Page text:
A comparison is commonly made between signature-based IDS and antivirus software.

At the time of this writing, there is no version control enabled.

On each of our packet decoders, we created a Snort folder in the parsers directory which will store our rules files and file.

So, after the new netbios rules go out (in the next few days, according to Snort.org), the number of MS08-067 rules will be reduced to 2.

For instance, the old netbios rule file: # wc -l netbios.rules 5828 netbios.rules The new: # wc -l netbios.rules 122 netbios.rules So this is great!

Snort is a signature-based intrusion detection system.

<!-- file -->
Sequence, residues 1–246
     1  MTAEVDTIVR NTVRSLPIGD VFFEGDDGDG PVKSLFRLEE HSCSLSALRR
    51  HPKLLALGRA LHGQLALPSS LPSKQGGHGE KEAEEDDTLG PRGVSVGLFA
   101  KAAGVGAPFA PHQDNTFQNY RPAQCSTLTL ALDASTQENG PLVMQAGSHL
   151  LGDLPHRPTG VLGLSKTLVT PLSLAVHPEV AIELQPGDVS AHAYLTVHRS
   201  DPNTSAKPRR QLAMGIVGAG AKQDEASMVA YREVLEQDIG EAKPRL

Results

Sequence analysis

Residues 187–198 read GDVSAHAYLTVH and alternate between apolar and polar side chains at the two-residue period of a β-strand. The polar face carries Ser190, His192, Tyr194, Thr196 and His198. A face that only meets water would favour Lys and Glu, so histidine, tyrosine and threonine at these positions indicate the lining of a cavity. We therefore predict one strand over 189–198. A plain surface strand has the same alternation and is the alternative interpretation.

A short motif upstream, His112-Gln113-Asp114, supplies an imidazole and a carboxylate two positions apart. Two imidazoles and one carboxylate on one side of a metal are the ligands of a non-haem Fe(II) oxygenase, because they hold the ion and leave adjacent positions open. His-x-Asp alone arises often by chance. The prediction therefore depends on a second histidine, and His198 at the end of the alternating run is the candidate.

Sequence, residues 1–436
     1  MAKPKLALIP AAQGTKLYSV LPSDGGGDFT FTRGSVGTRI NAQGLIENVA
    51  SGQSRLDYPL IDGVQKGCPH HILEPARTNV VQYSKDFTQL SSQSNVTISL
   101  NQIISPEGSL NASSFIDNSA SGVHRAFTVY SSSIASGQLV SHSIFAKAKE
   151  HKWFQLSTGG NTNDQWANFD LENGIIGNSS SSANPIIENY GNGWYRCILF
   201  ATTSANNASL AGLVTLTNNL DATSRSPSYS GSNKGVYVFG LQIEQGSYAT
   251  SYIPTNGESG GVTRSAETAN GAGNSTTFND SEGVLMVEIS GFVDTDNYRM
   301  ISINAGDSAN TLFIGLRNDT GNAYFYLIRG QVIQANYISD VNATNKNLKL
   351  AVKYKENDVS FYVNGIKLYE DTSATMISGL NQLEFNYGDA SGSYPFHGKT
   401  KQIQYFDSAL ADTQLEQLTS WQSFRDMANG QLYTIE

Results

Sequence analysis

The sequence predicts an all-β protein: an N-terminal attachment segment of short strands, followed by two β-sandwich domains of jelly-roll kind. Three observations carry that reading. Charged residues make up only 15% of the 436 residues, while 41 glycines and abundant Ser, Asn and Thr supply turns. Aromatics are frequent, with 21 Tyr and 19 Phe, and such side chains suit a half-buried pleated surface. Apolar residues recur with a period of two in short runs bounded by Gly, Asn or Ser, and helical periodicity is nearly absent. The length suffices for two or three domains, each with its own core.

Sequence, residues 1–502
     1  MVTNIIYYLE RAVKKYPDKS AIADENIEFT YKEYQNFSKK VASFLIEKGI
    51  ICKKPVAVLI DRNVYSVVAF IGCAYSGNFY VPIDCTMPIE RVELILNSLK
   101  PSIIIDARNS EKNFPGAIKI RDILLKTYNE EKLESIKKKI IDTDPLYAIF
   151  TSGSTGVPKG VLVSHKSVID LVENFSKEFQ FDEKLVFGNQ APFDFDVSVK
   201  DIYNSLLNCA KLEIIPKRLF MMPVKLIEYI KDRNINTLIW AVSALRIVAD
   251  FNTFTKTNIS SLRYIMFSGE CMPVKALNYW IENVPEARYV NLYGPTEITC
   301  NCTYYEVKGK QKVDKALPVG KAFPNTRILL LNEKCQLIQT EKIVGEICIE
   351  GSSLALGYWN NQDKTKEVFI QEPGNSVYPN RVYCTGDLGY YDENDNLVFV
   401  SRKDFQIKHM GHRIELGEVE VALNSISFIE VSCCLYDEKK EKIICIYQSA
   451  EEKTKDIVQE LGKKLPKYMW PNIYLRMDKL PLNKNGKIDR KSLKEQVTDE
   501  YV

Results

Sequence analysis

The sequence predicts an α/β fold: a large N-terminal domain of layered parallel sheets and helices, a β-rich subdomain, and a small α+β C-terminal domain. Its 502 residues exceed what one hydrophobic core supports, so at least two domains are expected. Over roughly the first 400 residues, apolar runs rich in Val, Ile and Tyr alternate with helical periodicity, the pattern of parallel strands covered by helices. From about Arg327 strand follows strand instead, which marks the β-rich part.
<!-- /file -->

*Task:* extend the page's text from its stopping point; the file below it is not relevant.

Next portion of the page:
While the preprocessors do not rely on signatures to generate alerts on potential malicious traffic, the heart of Snort's ability to detect intrusion is the catalog of signatures located in the rules files.

We over at Sourcefire (yes, I work for Sourcefire in case you don't know by now!

) have been putting the word out for a couple months now about the Snort 2.8.4 upgrade, how it's very important, and you need to go upgrade now. For awhile now, a lot of netbios flow tracking has been done with our rules language.

For each .rules file you wish to distribute, you'll have to add a similar block of code as Puppet doesn't play well with wildcards.

Since Puppet runs every half hour or so, we wait an hour before running a script to reload the parsers.

However, the warning about this is, VRT is no longer providing the "old" method of rule updates to netbios vulnerabilities.